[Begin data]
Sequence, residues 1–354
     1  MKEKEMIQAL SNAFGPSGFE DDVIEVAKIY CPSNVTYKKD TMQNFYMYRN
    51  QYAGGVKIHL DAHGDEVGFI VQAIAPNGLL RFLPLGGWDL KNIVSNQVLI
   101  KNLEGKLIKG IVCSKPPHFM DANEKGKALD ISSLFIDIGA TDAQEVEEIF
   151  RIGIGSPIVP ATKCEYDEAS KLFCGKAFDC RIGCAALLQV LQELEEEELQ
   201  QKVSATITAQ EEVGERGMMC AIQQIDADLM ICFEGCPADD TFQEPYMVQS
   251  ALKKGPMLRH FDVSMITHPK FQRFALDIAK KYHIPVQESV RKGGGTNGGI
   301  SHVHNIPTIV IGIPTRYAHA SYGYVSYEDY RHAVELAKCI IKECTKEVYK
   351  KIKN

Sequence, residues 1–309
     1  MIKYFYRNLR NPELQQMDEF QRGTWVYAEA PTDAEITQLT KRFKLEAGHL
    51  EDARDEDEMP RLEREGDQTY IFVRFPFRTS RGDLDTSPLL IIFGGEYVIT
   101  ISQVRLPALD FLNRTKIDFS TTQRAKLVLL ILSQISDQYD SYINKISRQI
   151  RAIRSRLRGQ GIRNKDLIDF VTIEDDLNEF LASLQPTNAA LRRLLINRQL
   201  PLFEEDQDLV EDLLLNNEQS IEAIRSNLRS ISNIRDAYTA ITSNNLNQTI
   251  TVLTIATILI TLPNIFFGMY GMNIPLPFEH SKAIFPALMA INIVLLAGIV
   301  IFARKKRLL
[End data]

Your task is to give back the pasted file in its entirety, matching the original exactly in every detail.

Sequence, residues 1–354
     1  MKEKEMIQAL SNAFGPSGFE DDVIEVAKIY CPSNVTYKKD TMQNFYMYRN
    51  QYAGGVKIHL DAHGDEVGFI VQAIAPNGLL RFLPLGGWDL KNIVSNQVLI
   101  KNLEGKLIKG IVCSKPPHFM DANEKGKALD ISSLFIDIGA TDAQEVEEIF
   151  RIGIGSPIVP ATKCEYDEAS KLFCGKAFDC RIGCAALLQV LQELEEEELQ
   201  QKVSATITAQ EEVGERGMMC AIQQIDADLM ICFEGCPADD TFQEPYMVQS
   251  ALKKGPMLRH FDVSMITHPK FQRFALDIAK KYHIPVQESV RKGGGTNGGI
   301  SHVHNIPTIV IGIPTRYAHA SYGYVSYEDY RHAVELAKCI IKECTKEVYK
   351  KIKN

Sequence, residues 1–309
     1  MIKYFYRNLR NPELQQMDEF QRGTWVYAEA PTDAEITQLT KRFKLEAGHL
    51  EDARDEDEMP RLEREGDQTY IFVRFPFRTS RGDLDTSPLL IIFGGEYVIT
   101  ISQVRLPALD FLNRTKIDFS TTQRAKLVLL ILSQISDQYD SYINKISRQI
   151  RAIRSRLRGQ GIRNKDLIDF VTIEDDLNEF LASLQPTNAA LRRLLINRQL
   201  PLFEEDQDLV EDLLLNNEQS IEAIRSNLRS ISNIRDAYTA ITSNNLNQTI
   251  TVLTIATILI TLPNIFFGMY GMNIPLPFEH SKAIFPALMA INIVLLAGIV
   301  IFARKKRLL